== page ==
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Search Engine Optimization

Google Buys FeedBurner & What this Means for SEOs

By hagrin - Posted on 02 June 2007

Today, Google officially announced the purchasing of FeedBurner, the RSS analytical company providing statistics for RSS feeds such as subscriber counts, clickthroughs and other web metrics. This is an extremely wise purchase by Google because this closes a gap that their other analytical offering, Urchin (and its free web based version for webmasters), didn't provide RSS metrics. Prior to the FeedBurner purchase, Google could only provide RSS metrics through Google Reader subscriber counts for a specific feed - highly inaccurate due to the fact that Google only had access to only a slice of the RSS-using population.

What does this mean for webmasters? Well, I would think that the SEO implications are pretty obvious - either take advantage of the FeedBurner service or sacrifice the RSS metric potentially effecting your site's ranking. Sure, Google could still get some of the information from the user side (i.e. Google Reader subscribers to your feed), but webmasters would lose the metrics race to those optting-in to the Google services. Since Google currently drives a large portion of traffic to all sites, webmasters really do need to make a decision on linking all of their site's information into Google related services and what that means to their search position on other engines.

While most of all the other Google analytic initiatives still allowed webmasters to not sacrifice their position with other search engines, redirecting your RSS feeds through FeedBurner directly is a dangerous move long-term. Instead, I would suggest webmasters redirect their original feed URL to FeedBurner and display the original feed to site users. This will allow webmasters to relinquish control in some manner, but still does not solve the problem of having to potentially muticast the feed to other RSS analytic services.

Drupal 5, META tags and SEO

By hagrin - Posted on 29 May 2007

After a long overdue hiatus from writing in my Search Engine Optimization Guide, I have finally added a new entry in a series of hopefully many new articles covering SEO issues raised on today's Internet. Today, I added an entry concerning Drupal 5 and assigning unique META tags to help differentiate your content. Check back for more SEO articles as I can crank them out (hopefully one a day for a while).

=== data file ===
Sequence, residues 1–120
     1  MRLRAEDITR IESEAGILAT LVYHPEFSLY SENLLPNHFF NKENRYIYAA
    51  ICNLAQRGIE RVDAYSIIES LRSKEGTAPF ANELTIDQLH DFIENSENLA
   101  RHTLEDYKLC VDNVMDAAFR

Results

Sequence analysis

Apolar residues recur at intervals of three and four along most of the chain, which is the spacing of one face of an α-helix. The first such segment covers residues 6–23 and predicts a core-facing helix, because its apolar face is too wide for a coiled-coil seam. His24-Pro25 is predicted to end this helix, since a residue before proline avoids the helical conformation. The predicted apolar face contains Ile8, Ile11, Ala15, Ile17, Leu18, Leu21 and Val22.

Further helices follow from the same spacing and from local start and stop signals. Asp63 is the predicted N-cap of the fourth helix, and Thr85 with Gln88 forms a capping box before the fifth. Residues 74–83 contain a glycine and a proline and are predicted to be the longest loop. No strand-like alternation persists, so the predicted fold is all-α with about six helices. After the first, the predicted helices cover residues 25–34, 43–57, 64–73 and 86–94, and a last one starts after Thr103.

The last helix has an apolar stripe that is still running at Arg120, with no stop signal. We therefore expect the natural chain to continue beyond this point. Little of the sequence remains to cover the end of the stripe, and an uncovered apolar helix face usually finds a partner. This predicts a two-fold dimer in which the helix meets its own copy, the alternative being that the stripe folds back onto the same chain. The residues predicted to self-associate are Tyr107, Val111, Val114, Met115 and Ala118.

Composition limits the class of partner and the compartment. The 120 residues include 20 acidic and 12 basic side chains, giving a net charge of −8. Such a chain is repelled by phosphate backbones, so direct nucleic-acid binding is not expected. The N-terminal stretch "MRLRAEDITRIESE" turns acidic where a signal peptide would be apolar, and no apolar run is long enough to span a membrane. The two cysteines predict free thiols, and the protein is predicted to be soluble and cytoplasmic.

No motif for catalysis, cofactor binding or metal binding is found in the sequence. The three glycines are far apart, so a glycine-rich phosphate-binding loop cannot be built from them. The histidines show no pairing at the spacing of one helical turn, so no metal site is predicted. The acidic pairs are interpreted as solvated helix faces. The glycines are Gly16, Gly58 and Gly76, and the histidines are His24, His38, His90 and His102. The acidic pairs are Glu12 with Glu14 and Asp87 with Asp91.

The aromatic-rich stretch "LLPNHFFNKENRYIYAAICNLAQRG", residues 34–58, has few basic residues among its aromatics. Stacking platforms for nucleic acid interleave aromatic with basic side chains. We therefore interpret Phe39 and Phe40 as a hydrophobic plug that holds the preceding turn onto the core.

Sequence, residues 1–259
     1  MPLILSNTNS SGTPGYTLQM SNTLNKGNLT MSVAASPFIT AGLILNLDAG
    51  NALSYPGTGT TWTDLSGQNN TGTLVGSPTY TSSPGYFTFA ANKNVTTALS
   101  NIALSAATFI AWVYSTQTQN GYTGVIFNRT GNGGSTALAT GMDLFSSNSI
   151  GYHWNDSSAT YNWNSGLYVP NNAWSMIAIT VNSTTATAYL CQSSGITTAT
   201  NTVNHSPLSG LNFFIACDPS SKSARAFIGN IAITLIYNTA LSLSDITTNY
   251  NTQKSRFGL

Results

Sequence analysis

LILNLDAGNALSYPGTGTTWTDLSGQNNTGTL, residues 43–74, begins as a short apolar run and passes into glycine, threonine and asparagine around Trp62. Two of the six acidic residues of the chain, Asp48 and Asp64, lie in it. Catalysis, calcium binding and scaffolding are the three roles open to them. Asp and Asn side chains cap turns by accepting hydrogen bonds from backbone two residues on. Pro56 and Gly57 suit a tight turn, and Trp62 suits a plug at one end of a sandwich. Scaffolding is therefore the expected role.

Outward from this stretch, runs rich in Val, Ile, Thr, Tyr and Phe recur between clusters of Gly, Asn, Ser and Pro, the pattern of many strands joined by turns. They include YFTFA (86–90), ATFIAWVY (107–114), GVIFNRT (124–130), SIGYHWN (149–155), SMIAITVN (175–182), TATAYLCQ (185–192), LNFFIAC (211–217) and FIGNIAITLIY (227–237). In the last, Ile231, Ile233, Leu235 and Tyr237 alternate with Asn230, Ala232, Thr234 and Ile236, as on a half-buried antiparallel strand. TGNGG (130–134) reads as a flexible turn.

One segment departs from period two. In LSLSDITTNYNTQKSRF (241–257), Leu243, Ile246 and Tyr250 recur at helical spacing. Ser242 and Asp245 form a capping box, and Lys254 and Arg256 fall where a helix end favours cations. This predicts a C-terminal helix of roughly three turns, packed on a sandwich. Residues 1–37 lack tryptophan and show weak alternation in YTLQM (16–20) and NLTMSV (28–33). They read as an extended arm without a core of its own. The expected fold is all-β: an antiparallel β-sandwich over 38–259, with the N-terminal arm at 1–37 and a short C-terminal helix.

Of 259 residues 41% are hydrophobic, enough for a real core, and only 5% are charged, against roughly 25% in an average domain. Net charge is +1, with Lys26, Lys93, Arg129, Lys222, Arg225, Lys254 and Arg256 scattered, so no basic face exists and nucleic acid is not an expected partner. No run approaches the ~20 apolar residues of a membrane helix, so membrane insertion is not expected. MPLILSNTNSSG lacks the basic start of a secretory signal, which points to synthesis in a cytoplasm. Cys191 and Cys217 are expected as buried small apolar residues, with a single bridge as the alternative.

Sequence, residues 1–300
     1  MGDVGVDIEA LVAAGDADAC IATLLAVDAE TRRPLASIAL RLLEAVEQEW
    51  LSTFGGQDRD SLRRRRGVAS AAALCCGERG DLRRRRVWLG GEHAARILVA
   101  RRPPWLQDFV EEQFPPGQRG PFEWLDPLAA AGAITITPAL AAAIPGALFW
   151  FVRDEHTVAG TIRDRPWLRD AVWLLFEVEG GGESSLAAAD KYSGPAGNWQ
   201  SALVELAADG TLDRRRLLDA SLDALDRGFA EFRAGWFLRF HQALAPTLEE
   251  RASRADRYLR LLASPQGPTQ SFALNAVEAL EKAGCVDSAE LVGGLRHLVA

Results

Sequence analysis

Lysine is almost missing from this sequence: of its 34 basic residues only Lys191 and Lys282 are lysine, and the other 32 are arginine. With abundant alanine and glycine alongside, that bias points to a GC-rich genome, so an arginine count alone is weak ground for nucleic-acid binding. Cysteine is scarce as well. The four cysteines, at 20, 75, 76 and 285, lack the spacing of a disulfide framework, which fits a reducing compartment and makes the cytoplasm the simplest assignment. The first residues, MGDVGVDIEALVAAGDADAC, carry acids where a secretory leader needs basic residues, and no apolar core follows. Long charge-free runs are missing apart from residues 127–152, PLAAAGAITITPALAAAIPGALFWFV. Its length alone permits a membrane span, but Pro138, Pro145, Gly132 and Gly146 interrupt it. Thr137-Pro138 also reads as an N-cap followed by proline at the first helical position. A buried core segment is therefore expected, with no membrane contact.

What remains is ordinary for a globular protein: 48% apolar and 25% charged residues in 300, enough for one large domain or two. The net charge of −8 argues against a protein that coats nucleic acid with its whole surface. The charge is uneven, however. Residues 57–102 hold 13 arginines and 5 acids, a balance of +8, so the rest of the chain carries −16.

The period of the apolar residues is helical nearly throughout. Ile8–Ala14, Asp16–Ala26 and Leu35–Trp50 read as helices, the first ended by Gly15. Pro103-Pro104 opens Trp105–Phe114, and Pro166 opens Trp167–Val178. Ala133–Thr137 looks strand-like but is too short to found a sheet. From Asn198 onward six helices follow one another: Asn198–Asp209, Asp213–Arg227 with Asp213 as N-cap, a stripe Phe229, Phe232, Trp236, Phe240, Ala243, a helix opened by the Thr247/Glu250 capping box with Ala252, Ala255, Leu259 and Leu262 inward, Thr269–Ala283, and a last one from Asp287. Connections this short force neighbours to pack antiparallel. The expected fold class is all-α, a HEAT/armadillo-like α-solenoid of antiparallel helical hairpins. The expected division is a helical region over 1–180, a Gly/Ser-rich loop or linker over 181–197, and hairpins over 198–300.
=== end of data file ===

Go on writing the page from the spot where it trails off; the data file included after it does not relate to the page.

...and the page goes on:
SEO: Drupal 5 - Adding Unique META Tags

By hagrin - Posted on 29 May 2007

SEO: Drupal 5 - Adding Unique META Tags

Posted By: hagrin
Date: 30 May 2007

While pre-packaged software can save a lot of time in development costs, if not properly configured, a webmaster could potentially cripple their site's search engine rankings if certain search optimization techniques and guidelines are not followed. Drupal is a content management system that is extremely feature rich through it's module system and community support; however, search engine optimization isn't an extreme focal point for their developers. Therefore, out of the box, Drupal does fail at being 100% SEO friendly. Fortunately, due to Drupal's strong community, SEO friendly modules have been developed. One such module, META Tags (also known as nodewords), closes a major SEO deficiency extremely well and provides Drupal site owners the flexibility to create high ranking sites.

Aren't META tags Outdated?
Now, I know what you're all about to say - META tags don't work anymore and are so "1990s". While it's true that they aren't as influential as they once were, META tags still help identify content to search engines, especially the minor search engines. In addition, unique META description tags help prevent your pages from being put into "supplemental hell" and help users get a better idea of what your content actually contains. Even if the benefits aren't immediately realized through search engines weighting META tags heavily, including unique keyword and description information can only serve to help users find your content and differentiate the content across your site.

How Does it Work?
Installing the META tags module is extremely easy and works exactly like every other module installation. Once installed site admins can go to the Content Management section and click on the newly created Meta tags link. Here, you can set all the options you need including a global copyright, a GeoURL, global keywords, robots values and other settings. In addition, if you are utilizing categories or taxonomy, you can set keywords based on the tags you select which provides you flexibility at every level. I would suggest using some standard keywords that apply based on the tags you select and then add content specific keywords at the page/story level for the best performance.